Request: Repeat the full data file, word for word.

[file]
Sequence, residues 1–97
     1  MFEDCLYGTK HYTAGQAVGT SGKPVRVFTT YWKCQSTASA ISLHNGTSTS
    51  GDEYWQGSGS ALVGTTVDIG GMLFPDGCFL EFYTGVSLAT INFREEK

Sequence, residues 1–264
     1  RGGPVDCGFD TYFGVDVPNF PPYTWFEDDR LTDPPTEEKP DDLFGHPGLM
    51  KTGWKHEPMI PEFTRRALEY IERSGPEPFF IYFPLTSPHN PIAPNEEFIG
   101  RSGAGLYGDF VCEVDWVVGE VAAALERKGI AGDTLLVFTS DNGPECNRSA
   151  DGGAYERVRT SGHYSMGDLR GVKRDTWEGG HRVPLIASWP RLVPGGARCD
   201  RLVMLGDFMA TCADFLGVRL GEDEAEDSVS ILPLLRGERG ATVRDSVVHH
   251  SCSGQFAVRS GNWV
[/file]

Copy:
Sequence, residues 1–97
     1  MFEDCLYGTK HYTAGQAVGT SGKPVRVFTT YWKCQSTASA ISLHNGTSTS
    51  GDEYWQGSGS ALVGTTVDIG GMLFPDGCFL EFYTGVSLAT INFREEK

Sequence, residues 1–264
     1  RGGPVDCGFD TYFGVDVPNF PPYTWFEDDR LTDPPTEEKP DDLFGHPGLM
    51  KTGWKHEPMI PEFTRRALEY IERSGPEPFF IYFPLTSPHN PIAPNEEFIG
   101  RSGAGLYGDF VCEVDWVVGE VAAALERKGI AGDTLLVFTS DNGPECNRSA
   151  DGGAYERVRT SGHYSMGDLR GVKRDTWEGG HRVPLIASWP RLVPGGARCD
   201  RLVMLGDFMA TCADFLGVRL GEDEAEDSVS ILPLLRGERG ATVRDSVVHH
   251  SCSGQFAVRS GNWV